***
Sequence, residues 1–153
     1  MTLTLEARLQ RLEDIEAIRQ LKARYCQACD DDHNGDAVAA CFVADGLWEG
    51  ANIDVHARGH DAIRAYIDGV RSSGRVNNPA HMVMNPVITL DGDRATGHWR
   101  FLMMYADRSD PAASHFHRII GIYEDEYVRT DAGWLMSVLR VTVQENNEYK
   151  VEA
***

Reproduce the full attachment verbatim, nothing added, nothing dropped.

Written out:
Sequence, residues 1–153
     1  MTLTLEARLQ RLEDIEAIRQ LKARYCQACD DDHNGDAVAA CFVADGLWEG
    51  ANIDVHARGH DAIRAYIDGV RSSGRVNNPA HMVMNPVITL DGDRATGHWR
   101  FLMMYADRSD PAASHFHRII GIYEDEYVRT DAGWLMSVLR VTVQENNEYK
   151  VEA